It seems as if the school year takes forever to end and then we parents are looking at what we have in mind to keep kids and teens occupied over the summer. What is especially important is that we realize that some of this short time off for kids is used to relax, wind down and re-energize.
The stress of schedules, academics, after school activities, work and social issues can take its toll and kids need some “veg” time. Actually we all do.
As you begin to sort out what is beneficial in the way of camps, give some thought to helping kids make the most of summer freedom, says Dr. Frances Mills-Yerger of Workshops for Youth and Families, a Scottsdale nonprofit that has been helping children and teens develop the social and leadership skills they need to navigate their way through difficult situations for the past 35 years.
Your summer plans for your kids are probably already in place. Your kids may be scheduled to participate in recreational activities sponsored by your school or community center, you may have them enrolled in day camp programs or educational activities, or you may be sending the kids away for camp or academic programs.
It just might be a good idea to take a few more steps to help prepare your children for their experiences. Summer usually means more freedom for kids and usually less adult supervision than that encountered during the school year.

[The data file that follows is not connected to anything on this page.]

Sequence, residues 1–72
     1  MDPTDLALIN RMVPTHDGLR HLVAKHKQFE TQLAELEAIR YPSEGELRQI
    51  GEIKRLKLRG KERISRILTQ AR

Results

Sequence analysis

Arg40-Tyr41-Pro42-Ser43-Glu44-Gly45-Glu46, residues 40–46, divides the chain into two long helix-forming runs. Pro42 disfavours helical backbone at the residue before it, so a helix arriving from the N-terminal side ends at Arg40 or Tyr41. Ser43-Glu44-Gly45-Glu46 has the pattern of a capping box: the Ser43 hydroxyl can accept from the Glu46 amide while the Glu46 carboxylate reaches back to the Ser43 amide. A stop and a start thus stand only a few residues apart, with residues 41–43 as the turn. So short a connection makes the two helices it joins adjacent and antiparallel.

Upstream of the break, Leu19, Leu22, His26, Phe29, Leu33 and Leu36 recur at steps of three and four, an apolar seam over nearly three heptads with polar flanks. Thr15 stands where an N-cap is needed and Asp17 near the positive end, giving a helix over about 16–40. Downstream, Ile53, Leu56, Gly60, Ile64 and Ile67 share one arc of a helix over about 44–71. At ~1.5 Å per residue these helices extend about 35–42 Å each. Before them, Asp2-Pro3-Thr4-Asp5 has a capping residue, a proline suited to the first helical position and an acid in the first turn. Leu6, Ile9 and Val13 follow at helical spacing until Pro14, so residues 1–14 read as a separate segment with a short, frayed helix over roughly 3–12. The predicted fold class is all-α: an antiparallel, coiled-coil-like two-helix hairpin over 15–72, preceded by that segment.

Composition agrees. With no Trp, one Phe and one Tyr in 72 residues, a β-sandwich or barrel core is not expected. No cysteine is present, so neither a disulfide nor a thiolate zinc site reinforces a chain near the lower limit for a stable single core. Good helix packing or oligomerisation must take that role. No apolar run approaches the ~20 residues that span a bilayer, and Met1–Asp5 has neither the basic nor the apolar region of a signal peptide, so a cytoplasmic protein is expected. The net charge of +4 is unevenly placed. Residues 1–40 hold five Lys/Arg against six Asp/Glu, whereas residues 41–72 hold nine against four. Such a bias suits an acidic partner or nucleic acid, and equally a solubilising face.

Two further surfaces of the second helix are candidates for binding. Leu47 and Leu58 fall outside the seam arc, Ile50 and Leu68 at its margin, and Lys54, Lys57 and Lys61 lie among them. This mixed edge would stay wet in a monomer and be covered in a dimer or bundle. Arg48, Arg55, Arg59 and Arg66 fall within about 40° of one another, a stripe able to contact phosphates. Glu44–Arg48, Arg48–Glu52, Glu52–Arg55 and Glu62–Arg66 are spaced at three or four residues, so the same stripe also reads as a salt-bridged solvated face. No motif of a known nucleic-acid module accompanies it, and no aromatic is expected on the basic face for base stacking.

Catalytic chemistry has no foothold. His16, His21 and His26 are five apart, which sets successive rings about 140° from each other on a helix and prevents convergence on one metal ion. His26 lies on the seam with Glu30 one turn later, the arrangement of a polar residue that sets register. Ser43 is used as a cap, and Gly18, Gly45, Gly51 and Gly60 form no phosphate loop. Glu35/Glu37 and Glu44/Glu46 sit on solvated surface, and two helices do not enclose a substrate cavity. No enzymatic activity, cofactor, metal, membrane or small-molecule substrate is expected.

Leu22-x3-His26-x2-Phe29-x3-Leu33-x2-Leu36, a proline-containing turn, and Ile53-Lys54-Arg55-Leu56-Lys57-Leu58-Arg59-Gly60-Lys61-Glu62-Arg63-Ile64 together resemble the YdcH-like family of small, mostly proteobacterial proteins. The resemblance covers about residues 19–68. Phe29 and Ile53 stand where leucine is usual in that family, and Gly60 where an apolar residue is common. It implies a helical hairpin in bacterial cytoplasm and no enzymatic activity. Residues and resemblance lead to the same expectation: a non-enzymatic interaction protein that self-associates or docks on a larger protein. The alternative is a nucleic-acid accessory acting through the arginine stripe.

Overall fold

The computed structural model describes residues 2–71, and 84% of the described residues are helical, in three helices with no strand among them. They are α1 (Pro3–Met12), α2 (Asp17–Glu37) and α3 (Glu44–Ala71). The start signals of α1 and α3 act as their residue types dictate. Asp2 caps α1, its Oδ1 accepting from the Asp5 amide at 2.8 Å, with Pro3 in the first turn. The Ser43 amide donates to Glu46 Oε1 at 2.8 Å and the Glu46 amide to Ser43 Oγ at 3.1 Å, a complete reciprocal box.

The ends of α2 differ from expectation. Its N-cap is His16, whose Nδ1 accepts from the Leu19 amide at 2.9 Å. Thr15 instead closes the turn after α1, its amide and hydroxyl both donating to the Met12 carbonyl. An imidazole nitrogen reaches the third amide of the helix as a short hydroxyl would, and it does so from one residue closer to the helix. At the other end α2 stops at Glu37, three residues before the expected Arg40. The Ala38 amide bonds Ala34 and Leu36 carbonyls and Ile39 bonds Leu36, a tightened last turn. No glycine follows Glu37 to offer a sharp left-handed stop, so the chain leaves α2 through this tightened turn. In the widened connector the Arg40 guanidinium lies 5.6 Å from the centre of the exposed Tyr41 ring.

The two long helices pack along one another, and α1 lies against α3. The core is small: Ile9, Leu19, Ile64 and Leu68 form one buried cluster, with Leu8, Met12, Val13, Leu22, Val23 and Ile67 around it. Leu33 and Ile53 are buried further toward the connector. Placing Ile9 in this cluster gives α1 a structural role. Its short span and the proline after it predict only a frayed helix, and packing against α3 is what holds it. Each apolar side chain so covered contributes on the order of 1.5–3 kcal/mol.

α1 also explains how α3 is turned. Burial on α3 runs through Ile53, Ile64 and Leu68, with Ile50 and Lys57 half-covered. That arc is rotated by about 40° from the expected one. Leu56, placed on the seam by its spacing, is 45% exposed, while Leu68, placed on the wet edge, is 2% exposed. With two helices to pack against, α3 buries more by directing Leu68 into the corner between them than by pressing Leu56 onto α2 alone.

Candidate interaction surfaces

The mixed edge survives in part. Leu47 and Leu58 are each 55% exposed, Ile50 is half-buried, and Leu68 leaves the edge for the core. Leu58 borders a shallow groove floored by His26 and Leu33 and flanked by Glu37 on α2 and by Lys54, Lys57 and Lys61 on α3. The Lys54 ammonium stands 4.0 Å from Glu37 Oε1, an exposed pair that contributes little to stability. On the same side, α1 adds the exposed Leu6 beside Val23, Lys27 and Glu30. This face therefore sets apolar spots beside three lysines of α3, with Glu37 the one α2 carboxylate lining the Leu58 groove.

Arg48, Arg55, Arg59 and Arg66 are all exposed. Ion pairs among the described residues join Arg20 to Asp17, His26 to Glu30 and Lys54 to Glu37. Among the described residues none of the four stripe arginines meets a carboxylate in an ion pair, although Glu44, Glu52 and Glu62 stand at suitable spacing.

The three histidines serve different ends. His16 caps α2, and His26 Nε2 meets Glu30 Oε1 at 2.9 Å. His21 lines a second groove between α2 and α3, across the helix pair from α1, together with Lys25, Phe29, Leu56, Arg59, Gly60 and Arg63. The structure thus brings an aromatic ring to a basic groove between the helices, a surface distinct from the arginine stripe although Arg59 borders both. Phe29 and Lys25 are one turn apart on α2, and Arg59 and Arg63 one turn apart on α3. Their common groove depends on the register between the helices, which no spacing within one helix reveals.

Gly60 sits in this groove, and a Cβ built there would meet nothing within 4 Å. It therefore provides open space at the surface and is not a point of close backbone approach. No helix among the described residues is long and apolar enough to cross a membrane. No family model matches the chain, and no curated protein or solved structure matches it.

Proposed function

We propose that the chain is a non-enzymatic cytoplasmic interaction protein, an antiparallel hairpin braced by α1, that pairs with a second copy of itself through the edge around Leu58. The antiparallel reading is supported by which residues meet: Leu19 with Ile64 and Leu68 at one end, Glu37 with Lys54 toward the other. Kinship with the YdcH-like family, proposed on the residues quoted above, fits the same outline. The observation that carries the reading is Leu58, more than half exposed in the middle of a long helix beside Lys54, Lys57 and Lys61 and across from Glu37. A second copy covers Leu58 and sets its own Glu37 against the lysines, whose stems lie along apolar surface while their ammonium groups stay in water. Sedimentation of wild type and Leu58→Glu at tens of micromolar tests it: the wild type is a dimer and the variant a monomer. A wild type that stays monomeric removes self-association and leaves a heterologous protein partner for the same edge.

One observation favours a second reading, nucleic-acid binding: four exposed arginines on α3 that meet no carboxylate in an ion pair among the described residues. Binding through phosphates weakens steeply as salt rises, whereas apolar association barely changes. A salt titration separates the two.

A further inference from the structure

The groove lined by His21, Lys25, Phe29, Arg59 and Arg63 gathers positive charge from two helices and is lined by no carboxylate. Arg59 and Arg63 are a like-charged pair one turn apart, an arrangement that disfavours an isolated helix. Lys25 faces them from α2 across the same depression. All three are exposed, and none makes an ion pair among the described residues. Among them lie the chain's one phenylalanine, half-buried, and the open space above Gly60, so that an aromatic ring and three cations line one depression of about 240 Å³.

It also sometimes means a lot less contact with you, so you need to make sure that your voice and support have been provided to make your child’s experience fun, rewarding, safe, and healthy.
For parents to prepare kids for these new experiences take the time to discuss and set boundaries on the following:
- How you expect your kids to relate to others and to the authorities at the camp.
- Think of any emotional or social challenges that your children are likely to experience, including homesickness, and help them determine how to cope.
- What safety measures and the rules that you expect your kids to follow.
- If there is a problem or concern in a new setting who is the staff member who can guide them through a rough patch.
- Forming relationships can be a problem for some kids and they may experience mild, moderate, or severe forms of rejection regarding peer problems and teasing. Help your child recognize the difference and when to get help.
- Many counselors are well trained, but many receive limited training and supervision. Help your kids be ready to be as cooperative as possible, but make sure they report inappropriate actions.
Summer programs can be opportunities for kids to establish new friends and increase their social skills.
Encourage your kids to spend some time in new experiences that offer them fun activities as well as personal growth.